Landscape Ecology

, Volume 22, Issue 5, pp 643–656 | Cite as

Impact of agricultural subsidies on biodiversity at the landscape level

  • Thomas K. Gottschalk
  • Tim Diekötter
  • Klemens Ekschmitt
  • Bernd Weinmann
  • Friedrich Kuhlmann
  • Tobias Purtauf
  • Jens Dauber
  • Volkmar Wolters
Research Article


Agricultural management is a major factor driving the change of faunal richness in anthropogenic landscapes. Thus, there is an urgent need to develop tools that allow decision-makers to understand better intended and unintended effects of agricultural policy measures on biodiversity. Here we demonstrate the potential of such a tool by combining a socio-economic model with the biodiversity model GEPARD to forecast the response of bird and carabid species richness to two scenarios of agricultural subsidies: (1) subsidies based on production levels and prices and (2) direct income support that is independent of production levels. We focussed on farmland of the Lahn-Dill area, Germany, as an example of European regions with low intensity farming. GEPARD predicts faunal richness and is based on multi-scaled resource-selection functions. Under both scenarios the area of predicted losses in species richness of birds and carabids was larger than the area of predicted gains in species richness. However, the area with predicted losses of avian richness was smaller under the direct income support scenario than under the production-based subsidy scenario, whereas the area with predicted losses of carabid species richness was smaller under the production-based subsidy scenario than under the direct income support. Yet locally, richness gains of up to four species were predicted for carabids under both scenarios. We conclude that the sometimes contrasting and heterogeneous responses of birds and carabids at different localities suggest the need for spatially targeted subsidy schemes. With the help of the GIS-based approach presented in this study, prediction maps on potential changes in local and regional species richness can be easily generated.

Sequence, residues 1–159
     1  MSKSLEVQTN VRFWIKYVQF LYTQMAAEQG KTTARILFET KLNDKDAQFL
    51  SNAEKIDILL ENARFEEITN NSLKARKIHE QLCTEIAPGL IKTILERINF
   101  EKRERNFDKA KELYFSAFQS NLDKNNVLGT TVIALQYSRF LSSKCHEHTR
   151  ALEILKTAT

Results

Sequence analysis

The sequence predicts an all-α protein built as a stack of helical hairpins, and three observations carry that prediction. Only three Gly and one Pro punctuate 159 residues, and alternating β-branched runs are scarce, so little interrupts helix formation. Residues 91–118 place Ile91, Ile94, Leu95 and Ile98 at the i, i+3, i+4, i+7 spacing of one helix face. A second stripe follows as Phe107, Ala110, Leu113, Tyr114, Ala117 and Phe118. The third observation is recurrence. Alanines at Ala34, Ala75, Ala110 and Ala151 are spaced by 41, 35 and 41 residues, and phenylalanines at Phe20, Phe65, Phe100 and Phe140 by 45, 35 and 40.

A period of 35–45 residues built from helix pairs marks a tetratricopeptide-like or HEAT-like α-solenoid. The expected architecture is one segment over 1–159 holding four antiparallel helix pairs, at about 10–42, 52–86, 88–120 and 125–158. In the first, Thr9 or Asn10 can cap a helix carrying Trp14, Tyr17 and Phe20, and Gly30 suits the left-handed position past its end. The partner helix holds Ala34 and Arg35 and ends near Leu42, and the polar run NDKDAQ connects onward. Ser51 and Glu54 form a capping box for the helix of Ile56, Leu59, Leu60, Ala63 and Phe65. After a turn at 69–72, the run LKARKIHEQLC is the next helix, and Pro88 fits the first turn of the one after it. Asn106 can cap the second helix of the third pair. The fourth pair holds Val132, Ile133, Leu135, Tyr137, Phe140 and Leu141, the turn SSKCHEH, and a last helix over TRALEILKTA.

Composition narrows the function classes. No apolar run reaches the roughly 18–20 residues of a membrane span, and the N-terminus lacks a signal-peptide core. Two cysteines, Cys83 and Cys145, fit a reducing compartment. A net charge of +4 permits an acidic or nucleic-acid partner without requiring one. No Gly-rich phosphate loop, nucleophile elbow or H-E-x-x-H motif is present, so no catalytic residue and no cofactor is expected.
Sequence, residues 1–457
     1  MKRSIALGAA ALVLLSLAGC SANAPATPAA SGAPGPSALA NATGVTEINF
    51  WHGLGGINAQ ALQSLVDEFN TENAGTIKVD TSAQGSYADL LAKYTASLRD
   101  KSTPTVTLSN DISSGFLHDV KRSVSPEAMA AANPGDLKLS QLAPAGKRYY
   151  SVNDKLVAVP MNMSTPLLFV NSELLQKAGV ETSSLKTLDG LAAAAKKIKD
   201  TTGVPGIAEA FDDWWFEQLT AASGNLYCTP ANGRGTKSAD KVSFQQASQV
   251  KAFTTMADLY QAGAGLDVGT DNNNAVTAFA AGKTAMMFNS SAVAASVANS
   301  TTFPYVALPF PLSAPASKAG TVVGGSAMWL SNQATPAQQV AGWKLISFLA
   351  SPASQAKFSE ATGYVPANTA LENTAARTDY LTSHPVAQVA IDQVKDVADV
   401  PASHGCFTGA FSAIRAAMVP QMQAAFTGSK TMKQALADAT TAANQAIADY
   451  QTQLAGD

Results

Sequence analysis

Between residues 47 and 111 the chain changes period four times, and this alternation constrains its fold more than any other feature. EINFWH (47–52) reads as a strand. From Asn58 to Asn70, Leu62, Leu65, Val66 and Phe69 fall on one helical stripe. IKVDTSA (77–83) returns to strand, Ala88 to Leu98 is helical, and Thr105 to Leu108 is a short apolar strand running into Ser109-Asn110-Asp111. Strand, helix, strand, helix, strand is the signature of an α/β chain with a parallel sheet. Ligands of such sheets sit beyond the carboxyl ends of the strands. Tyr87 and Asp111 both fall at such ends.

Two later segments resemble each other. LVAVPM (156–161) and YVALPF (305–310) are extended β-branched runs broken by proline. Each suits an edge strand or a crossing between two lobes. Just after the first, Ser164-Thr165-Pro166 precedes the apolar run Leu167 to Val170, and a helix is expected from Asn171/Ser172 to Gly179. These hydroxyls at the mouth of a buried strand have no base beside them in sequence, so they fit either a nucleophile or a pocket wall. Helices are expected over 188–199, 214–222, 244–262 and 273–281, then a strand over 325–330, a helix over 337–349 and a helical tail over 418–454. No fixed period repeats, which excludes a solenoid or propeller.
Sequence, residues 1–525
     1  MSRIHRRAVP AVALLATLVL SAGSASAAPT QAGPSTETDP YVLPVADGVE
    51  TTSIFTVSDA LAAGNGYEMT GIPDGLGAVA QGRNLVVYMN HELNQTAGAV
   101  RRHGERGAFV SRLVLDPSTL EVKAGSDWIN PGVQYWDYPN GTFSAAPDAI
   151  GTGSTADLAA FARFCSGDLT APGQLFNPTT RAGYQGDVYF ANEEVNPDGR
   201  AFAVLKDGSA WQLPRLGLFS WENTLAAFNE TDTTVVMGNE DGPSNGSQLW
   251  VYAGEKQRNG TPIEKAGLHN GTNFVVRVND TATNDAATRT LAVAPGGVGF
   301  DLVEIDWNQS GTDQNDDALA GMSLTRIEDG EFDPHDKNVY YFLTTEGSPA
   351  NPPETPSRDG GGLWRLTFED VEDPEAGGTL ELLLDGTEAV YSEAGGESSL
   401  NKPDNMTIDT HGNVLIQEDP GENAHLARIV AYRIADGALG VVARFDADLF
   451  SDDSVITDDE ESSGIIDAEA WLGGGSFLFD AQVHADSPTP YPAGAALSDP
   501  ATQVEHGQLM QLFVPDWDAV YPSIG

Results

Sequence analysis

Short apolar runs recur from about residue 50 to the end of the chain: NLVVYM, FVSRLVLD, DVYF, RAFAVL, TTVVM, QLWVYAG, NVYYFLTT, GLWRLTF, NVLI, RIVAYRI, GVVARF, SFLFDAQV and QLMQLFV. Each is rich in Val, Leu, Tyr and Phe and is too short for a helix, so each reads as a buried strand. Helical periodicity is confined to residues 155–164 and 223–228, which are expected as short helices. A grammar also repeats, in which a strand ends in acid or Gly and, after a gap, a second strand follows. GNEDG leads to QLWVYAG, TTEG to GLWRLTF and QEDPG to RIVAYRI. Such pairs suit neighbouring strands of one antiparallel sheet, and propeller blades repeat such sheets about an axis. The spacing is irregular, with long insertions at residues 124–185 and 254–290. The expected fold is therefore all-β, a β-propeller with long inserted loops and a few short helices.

Land use scenarios Faunal diversity Modelling Multiple spatial scales GIS 



This study was funded by the German Science Foundation (DFG) within the ‘Sonderforschungsbereich 299’. We are grateful to all colleagues working in this project for continuous discussion and support. Especially, we would like to thank Martin Weiste (FH Osnabrück) for programming the GEPARD tool within ArcInfo. We thank Janne Bengtsson and one anonymous reviewer for constructive comments on early drafts of this manuscript. The study complies with the current laws of Germany.


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Copyright information

© Springer Science+Business Media, Inc. 2007

Authors and Affiliations

  • Thomas K. Gottschalk
    • 1
  • Tim Diekötter
    • 1
  • Klemens Ekschmitt
    • 1
  • Bernd Weinmann
    • 2
  • Friedrich Kuhlmann
    • 2
  • Tobias Purtauf
    • 1
  • Jens Dauber
    • 1
  • Volkmar Wolters
    • 1
  1. 1.IFZ—Department of Animal EcologyJustus Liebig UniversityGiessenGermany
  2. 2.Institute of Agricultural and Food Systems ManagementJustus Liebig UniversityGiessenGermany

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